Pay phones seem to me as though they’re left over from… a different century.


History in the making.

A t-shirt in the window at Alladat (5824 NE MLK).

As banal as it is to remark, dramatic strides as obvious as Obama’s election to the Presidency this month don’t comprise all of what “makes history”. History proceeds primarily in small steps, in the accumulation of changes in culture and economy that provide new contexts for our lives. What follows is the complete text of an article that ran in the June 27, 1962 issue of the Oregon Mirror, a “Negro Weekly” published in Portland:

Safeway Hires Another Checker

Safeway, Inc., has hired another Negro grocery checker, in the person of Arthur Shepherd, who began work at the Lloyd Center store of N.E. Broadway.

This brings to four the number of Negro checkers currently employed by Safeway stores. Two women are working in their Union Avenue stores and another is at Interstate and Mason.

Shepherd is a graduate of Benson Polytechnic High School and has attended Lewis and Clark College and the University of Oregon. He was referred to Safeway by the Urban League.

Even accomplishing this was the result of long labor on the part of civil rights ‘activists’ – a loaded term, perhaps, to describe ordinary citizens standing up for their ‘ordinary’ rights. Here’s a photo (from the 1950’s, as labeled) of folks taking action to demand that Safeway hire black employees:

The Safeway mentioned above was likely torn down when part of the African-American neighborhood in Albina was demolished to make way for Memorial Coliseum. A further portion of the buildings in the area were lost when Emmanuel Hospital decided to expand in the late 1960’s, an expansion that never actually occured.

The FEP in the photo refers to the Oregon Fair Employment Practices Act, which was enacted in 1949. This law declared it unlawful for an employer to:

  • refuse to hire, or to discharge from unemployment, any person because of race, religion, color or national origin;
  • discriminate against an employee in compensation or in terms, conditions, or privileges of employment, because of race, religion, color or national origin;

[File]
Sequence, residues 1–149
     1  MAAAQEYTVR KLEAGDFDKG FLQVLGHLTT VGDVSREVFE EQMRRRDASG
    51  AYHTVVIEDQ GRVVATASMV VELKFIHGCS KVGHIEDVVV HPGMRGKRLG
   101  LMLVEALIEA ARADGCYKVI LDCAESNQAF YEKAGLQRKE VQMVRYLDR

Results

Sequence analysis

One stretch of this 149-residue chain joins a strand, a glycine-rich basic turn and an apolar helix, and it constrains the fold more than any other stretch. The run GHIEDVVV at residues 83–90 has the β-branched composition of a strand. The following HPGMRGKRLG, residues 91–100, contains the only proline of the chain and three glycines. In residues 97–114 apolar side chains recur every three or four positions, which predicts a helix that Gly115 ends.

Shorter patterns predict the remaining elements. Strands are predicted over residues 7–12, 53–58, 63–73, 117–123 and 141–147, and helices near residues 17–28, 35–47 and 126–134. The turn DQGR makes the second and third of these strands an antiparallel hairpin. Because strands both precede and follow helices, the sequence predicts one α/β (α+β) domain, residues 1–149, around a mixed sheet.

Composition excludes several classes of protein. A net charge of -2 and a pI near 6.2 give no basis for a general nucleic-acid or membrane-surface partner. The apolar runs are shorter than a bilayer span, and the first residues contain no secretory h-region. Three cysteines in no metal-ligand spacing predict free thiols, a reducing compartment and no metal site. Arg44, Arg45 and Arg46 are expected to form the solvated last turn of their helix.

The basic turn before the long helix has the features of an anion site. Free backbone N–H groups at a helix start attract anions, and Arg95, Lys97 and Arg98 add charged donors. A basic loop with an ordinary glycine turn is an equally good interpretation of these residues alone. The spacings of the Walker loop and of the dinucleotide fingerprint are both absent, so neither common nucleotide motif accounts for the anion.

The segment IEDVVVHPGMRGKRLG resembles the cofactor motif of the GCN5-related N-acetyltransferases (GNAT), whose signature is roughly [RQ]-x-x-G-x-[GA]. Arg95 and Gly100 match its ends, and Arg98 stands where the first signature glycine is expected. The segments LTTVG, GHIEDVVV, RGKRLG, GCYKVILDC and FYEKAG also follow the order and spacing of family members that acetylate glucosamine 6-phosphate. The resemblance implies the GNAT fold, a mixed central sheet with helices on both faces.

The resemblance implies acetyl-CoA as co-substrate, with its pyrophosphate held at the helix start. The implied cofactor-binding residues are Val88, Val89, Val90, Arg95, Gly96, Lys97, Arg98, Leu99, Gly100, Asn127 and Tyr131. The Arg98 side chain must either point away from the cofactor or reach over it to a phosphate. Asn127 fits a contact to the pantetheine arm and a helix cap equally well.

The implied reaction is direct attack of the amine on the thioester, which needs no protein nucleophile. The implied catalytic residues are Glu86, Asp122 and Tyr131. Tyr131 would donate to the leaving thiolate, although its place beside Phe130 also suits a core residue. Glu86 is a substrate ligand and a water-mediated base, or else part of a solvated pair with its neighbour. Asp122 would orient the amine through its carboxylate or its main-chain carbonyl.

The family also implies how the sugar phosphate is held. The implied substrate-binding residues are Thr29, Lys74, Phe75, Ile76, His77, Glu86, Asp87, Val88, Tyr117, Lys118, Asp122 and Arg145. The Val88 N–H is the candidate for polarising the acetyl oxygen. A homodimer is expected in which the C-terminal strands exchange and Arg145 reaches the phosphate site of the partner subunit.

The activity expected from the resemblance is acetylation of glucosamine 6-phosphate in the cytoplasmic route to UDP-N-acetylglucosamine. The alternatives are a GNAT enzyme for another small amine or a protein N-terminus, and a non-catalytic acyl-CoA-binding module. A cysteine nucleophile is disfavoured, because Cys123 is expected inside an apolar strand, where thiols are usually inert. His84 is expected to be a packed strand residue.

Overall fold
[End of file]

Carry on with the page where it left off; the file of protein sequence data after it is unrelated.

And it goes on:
• ask any question in connection with prospective employment which directly or indirectly discloses race, religion, color or national origin;
  • to print or circulate any statement, advertisement, or publication which directly or indirectly expresses discrimination because of race, religion, color or national origin.

Similar provisions for nondiscrimination on the part of labor unions and employment agencies were included in the Act.

CrossFitMLK moves into the ASB building.

Wow! The American State Bank building has found a new use. ASB was bought by Albina Community Bank and eventually closed, but memories of ASB linger on. Here is a description of murals that adorned the building ; Karrin Ellertson wrote in the Portland Mercury of “the kitsch wonderland” that the inside of the building had been.

Venerable Booker opened American State Bank at the end of the sixties, as detailed in this article in the Seattle Times, making it one of the few black-owned banks in the nation.

Now, CrossFitMLK is moving into the American State Bank building (built in 1955; sold in 2007 for 2.2 million$) – opening up a fitness club.

CrossFitMLK is not owned by the same folks who own CrossFitHEL (Human Evolution Labs) at 4830 NE MLK, though they’re ‘affiliated’.